Michael Rucker
Dec 1, 2010

Five things you need to know about video marketing

In Japan, people spend nearly 17 hours a month on average viewing video content, followed by 12.7 hours in Hong Kong and 10.4 hours in Singapore. Michael Rucker, Google product marketing manager for JAPAC, looks at emerging trends for this highly engaging medium that sees marketers increasingly turn to video-sharing sites.

Michael Rucker, Google product marketing manager, JAPAC
Michael Rucker, Google product marketing manager, JAPAC

1. Don’t be afraid to use hyper-fragmentised videos

Online video has all of a sudden created an infinite shelf for content, and the fragmentation it renders is ample. Over 35 hours of content is uploaded to You Tube each minute.

Now, if you’re a beauty product enthusiast, not only can you watch a dedicated channel all about make-up tips, but you can also go straight to niche topics to find videos on how to do Lady Gaga’s eyes as featured in 'Bad romance'. Marketers can promote their brands and products subtly by cutting through the clutter via hyper-fragmentised videos.

2. Great content can come from anywhere.

Online video is just an extension of the video fragmentation story. As TV fragmented from a few terrestrial commercial channels to hundreds, new content surfaced in different forms across Asia-Pacific.

Online video is fragmenting video at many times the order of magnitude and the variety of content creators is changing in similar ways. From FMCG to film studios, record labels to bedroom video bloggers, video-sharing sites have become a home to the rampant growth of professionally-produced and user-generated content.

3. Engaging ads are becoming content

Fragmentation and online video propel marketers to rethink about advertising. For years, marketers have tried to build ads and force viewers to watch them by bundling them with content. But viewers choose to watch these engaging ads instead of content.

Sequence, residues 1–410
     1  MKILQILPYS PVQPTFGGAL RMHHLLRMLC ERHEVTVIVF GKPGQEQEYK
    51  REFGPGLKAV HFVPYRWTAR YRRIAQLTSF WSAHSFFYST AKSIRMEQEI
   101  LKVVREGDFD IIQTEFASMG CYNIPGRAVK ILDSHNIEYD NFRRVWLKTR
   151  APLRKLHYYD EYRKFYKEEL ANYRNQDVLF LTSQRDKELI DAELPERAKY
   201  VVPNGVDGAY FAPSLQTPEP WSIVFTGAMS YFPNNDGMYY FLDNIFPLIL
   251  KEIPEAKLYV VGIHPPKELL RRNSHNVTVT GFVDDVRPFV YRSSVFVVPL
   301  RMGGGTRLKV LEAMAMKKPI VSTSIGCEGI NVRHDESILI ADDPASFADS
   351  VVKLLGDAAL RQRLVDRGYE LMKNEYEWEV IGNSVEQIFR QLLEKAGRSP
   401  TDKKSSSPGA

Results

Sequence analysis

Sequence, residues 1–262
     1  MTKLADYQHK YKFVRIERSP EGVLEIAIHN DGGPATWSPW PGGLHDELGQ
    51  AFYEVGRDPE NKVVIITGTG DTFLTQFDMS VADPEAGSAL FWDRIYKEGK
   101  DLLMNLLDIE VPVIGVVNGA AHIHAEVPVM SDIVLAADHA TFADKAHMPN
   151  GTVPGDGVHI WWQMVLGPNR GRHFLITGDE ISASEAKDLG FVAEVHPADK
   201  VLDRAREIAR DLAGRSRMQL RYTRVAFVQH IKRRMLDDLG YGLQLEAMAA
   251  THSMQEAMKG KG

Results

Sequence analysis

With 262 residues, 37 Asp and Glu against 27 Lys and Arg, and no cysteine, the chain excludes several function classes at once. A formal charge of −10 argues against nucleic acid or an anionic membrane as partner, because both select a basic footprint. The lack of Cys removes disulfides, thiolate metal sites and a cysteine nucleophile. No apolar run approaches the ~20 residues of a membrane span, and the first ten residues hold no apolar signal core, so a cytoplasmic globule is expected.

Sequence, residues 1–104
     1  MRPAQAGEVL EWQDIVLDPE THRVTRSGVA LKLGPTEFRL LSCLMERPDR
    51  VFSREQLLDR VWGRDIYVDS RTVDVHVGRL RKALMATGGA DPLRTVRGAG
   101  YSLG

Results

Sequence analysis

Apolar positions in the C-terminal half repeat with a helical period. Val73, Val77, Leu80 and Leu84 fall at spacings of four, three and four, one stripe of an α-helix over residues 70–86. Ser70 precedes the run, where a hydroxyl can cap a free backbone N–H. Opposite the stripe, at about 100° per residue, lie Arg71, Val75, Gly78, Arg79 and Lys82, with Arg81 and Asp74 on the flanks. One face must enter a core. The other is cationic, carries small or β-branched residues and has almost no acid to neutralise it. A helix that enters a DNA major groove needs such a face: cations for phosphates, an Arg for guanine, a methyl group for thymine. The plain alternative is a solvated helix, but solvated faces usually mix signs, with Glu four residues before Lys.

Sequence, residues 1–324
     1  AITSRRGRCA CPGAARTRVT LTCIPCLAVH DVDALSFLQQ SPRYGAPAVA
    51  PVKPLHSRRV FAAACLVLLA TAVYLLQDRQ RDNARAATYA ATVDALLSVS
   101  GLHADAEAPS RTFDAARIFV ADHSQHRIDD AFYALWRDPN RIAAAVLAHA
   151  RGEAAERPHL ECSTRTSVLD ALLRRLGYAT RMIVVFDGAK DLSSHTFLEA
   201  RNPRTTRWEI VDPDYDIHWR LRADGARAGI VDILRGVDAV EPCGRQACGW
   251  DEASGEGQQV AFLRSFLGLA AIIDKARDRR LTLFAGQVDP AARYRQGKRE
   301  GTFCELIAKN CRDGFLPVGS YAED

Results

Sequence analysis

Over the years, TV has offered higher monetisation by displaying more ads per hour. But now, the trend is reversing due to the exponential growth of online video. Eventually, fewer ads will be shown but with more advertiser impact generated from each view, delivering even higher monetisation to content creators.

4. There is no online video, just video.

We are seeing a convergence as the war between online video and TV is coming to an end. With the rise of IPTV and mobile devices, the segregated worlds of television and the web is collapsed into one seamless entertainment experience.

Marketers are fascinated by the business potential brought on by an expanded universe of content from a variety of sources including television providers, the web, content libraries and mobile applications.

5. Use video to open doors to untapped markets.

Engagement is the key to any successful video campaign and there is no 'one-size-fits-all' solution. Whereas for deep-pocketed sports advertisers, sports events like the Indian Premier League (IPL) is one of the 'must-have' Asian media properties. Video streaming of IPL matches opens up a new form of distribution for sports rights and introduces new opportunities for brands to expand into different untapped markets.

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